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Obama’s presidential campaign has arrived in Philadelphia, and I’m amped about the elections coming right to my backyard! Last week I took another step to seal my residency in PA by registering to vote. Pennsylvania’s going to be an important piece in the election, particularly since our governor has publicly endorsed Clinton.

Tonight, I went to check out a voter registration kick-off event, hosted by Philly Students for Obama. Featured speaker was Kal Penn, who’s been volunteering for Obama’s campaign since Iowa.

I’ve been a fan of Kal Penn, through Harold and Kumar, and more recently The Namesake. It’s pretty incredible that this actor, self-proclaimed cynic, and registered independent has put himself out there for a presidential campaign.

The crowd, mostly composed of college students, was quite diverse, something I think has become uniquely characteristic of Obama rallys and events. Much like what I saw in South Carolina, Obama truly draws people from a wide range of backgrounds. And the man wasn’t even in town tonight!

Throwing in a bit of humor through his speech, Penn talked about how he got involved with Obama after hearing his DNC speech in 2004. Penn outlined the three main reasons drawing him to Obama — college grants ($4,000) for anyone who wants to attend college, being against the Iraq war from the beginning, and universal healthcare.

Penn also shared a moving story about the head of the Iowa Independent Farmers Union who told Obama volunteers that this was the first time he met a statesman. I don’t remember the last time I heard anyone use the term statesman to describe someone. I was drawn to Obama because of his organizing background, but I believe that statesman captures an additional element to his integrity as an elected official.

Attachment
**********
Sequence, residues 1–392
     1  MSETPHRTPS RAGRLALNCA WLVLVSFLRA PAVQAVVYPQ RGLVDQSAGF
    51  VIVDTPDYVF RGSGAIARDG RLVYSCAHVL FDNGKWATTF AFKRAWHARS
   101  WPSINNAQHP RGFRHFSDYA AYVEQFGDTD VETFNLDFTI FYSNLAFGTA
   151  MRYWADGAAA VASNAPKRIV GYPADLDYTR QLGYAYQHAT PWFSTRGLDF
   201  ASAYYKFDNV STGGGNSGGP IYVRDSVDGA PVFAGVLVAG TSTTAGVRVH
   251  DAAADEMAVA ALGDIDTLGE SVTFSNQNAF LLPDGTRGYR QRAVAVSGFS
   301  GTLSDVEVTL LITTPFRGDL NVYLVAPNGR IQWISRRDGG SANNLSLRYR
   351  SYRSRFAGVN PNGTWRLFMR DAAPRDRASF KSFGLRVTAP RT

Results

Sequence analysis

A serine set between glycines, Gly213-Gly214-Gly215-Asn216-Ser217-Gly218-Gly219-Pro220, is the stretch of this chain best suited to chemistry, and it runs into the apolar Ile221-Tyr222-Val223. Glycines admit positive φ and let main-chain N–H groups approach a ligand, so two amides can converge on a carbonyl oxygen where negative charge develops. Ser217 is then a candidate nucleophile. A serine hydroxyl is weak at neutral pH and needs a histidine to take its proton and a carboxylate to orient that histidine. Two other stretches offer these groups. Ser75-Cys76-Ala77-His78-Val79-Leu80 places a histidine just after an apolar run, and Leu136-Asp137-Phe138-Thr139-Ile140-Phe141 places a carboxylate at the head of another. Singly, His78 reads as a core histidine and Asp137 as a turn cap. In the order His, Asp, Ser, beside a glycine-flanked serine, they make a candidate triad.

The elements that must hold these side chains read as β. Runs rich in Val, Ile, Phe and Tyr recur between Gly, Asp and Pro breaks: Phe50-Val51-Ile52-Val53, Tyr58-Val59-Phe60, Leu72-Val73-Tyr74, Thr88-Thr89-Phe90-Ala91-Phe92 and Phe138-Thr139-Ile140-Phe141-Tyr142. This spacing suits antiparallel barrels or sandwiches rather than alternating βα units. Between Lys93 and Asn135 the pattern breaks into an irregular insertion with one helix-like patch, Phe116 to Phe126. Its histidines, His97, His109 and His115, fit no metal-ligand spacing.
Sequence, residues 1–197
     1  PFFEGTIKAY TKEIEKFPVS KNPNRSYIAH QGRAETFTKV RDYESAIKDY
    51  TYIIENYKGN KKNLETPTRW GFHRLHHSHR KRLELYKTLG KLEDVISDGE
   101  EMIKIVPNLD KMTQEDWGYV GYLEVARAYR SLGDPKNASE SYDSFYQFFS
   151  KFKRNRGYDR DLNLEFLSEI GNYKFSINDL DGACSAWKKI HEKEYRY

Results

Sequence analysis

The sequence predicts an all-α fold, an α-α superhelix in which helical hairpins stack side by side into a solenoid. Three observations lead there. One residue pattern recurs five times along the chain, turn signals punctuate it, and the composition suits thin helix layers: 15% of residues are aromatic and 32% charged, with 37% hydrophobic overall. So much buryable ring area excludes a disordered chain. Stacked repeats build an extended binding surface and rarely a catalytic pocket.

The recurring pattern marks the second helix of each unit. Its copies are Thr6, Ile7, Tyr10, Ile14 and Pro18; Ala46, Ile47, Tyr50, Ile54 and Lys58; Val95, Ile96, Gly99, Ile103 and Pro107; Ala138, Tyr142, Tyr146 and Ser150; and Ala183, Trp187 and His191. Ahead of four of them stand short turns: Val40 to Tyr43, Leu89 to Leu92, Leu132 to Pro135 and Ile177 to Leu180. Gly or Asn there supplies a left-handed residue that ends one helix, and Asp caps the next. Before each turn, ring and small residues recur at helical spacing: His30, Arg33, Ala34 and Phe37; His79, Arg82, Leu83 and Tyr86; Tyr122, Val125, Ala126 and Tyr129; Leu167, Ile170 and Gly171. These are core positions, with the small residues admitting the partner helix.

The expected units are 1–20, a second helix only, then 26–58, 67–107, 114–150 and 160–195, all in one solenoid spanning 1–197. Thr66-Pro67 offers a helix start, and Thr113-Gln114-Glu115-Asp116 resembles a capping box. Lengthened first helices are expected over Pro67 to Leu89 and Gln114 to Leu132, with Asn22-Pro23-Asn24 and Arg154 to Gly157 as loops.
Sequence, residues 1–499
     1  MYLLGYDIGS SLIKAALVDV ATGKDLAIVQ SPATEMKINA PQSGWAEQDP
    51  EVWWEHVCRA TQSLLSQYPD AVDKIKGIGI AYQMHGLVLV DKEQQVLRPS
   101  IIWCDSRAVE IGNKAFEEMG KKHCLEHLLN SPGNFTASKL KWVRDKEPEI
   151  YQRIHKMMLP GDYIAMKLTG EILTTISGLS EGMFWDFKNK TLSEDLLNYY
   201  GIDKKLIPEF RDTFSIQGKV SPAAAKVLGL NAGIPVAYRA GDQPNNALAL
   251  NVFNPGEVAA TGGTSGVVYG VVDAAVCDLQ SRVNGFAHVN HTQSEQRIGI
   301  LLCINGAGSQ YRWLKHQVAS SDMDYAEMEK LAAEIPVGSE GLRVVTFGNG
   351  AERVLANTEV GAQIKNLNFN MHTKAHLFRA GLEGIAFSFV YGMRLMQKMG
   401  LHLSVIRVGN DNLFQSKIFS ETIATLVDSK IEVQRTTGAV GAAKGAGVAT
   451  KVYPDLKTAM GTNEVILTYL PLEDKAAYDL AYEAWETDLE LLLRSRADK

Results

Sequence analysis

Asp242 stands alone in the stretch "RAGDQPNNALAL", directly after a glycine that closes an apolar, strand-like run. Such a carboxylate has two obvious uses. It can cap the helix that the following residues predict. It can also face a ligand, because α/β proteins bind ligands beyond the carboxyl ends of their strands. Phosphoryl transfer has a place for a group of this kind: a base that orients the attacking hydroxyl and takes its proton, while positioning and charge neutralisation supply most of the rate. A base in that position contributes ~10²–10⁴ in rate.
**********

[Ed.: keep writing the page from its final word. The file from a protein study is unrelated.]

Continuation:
For folks in Philadelphia, click here for Obama’s Pennsylvania Campaign.

This week, Grace Lee Boggs featured some of my recent entries about presidential candidate Barack Obama in her Living for Change column of the Michigan Citizen.  Having been a movement activist for over 50 years, GLB has a keen sense of the pulse of our nation, and I have always appreciated her dialectical analyses.  Together the Boggs Center and members of Beloved Communities Network have been discussing the significance of Obama, the movement that surrounds his candidacy, and the potential for Obama’s campaign to spark actual change.

Below is the full text from Living for Change: Continue Reading »

Obama sweeps Virginia, Maryland and DC primaries!

On a side note, this announcement seems unethical…and desperate.